• Planning and organising

Being organised can help you feel in control and may alleviate stress. Creating schedules for yourself, making ‘to do’ lists, dividing the work into more manageable chunks can help keep you in control of the workload and help reduce stress and feeling overwhelmed by the workload. The use of management tools like SMART goals can help organise and prioritize work and goals you want to achieve.

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  • Sleep Hygiene

Getting enough sleep is important for our mental and physical wellbeing, but not being able to get to sleep can be incredibly frustrating. If you are feeling stressed or anxious, you may be unable to sleep because of over thinking and re-living scenes or projecting ahead to what might be. Prepare your sleeping space, ensure quiet, close blinds or curtains and remove noise. Stay lying down and rest even if you cannot fall asleep quickly or easily. Restful background sounds, if you find them helpful, might be tried after a few nights. 

Sleep hygiene tips

  • o Go to bed at the same time and aim to get up at the same time. Set the alarm for the same time every morning for seven days a week, at least until your sleep pattern settles down.
  • o Avoid daytime naps. When we take naps, it decreases the amount of sleep that we need the next night – which may cause sleep fragmentation and difficulty initiating sleep, and may lead to insomnia.
  • o Allow for “wind down time” in the evening. Avoid anything mentally demanding within 90 minutes of bedtime.
  • o Avoid heavy exercise late in the evening.
  • o Avoid caffeinated substances or stimulants before bed.
  • o Do not drink alcohol before bed.
  • o Create a comfortable quiet environment. Turn off the lights, comfortable bed and the room is not too hot or too cold.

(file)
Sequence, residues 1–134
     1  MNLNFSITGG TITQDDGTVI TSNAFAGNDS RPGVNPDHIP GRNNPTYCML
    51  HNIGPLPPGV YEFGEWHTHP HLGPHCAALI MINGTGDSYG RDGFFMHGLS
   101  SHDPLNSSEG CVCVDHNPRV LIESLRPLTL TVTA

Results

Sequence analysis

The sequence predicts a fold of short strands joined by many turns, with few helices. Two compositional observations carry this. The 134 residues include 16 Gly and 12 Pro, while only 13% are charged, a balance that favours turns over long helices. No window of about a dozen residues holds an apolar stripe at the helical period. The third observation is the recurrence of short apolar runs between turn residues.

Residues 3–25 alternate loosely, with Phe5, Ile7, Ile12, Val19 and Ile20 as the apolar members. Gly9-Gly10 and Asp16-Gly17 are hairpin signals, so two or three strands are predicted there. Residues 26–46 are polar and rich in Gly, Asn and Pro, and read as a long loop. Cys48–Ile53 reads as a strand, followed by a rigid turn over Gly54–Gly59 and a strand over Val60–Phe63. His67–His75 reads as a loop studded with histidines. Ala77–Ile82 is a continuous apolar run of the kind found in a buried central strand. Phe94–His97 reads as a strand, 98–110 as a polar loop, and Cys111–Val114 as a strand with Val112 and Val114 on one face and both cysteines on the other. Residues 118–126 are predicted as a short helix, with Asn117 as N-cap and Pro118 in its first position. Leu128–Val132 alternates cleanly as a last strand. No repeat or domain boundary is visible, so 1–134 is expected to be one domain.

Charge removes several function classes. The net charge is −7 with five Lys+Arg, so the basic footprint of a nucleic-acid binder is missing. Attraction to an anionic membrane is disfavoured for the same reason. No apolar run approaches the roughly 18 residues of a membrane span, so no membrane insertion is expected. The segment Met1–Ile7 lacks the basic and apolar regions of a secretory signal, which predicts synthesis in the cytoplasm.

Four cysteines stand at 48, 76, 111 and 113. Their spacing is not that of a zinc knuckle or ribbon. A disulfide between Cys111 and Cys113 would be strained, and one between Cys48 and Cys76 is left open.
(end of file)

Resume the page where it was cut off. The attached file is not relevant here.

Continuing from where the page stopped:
• o Avoid using smart phones or other devices, which emit ‘blue light’ late in the evening/night as this can disrupt normal sleep schedules.
  • o Do not try to fall asleep. Enjoy relaxing even if you do not fall asleep at first. Your body will go to sleep naturally.

Healthy Diet

Stress can affect our diet. We may be inclined to snack more, eat more unhealthy foods or have a reduced appetite. It is important to be aware of how we respond to times of stress and to avoid stress-induced changes to our diet. What and how we eat can have an effect on our physical and mental health, energy levels and sleep.

Avoid Sugary Foods

Eating foods with a high sugar content can lead to “sugar crash”, where your blood sugar drops making you feel anxious, irritable or confused. A poor diet can worsen symptoms of depression, anxiety and other mental health conditions.

Healthy Diet and Improved Energy

A balanced diet helps the body convert food into energy and maintains stable energy levels and mood throughout the day.

Healthy Diet and Better Sleep

High sugar or hard to digest foods can make it difficult for your body to rest. Our diet is the best source of important nutrients that help your body renew and repair itself overnight. Eating a healthy diet is key to getting a good night’s sleep, as well as setting yourself up to feel your best when you wake up.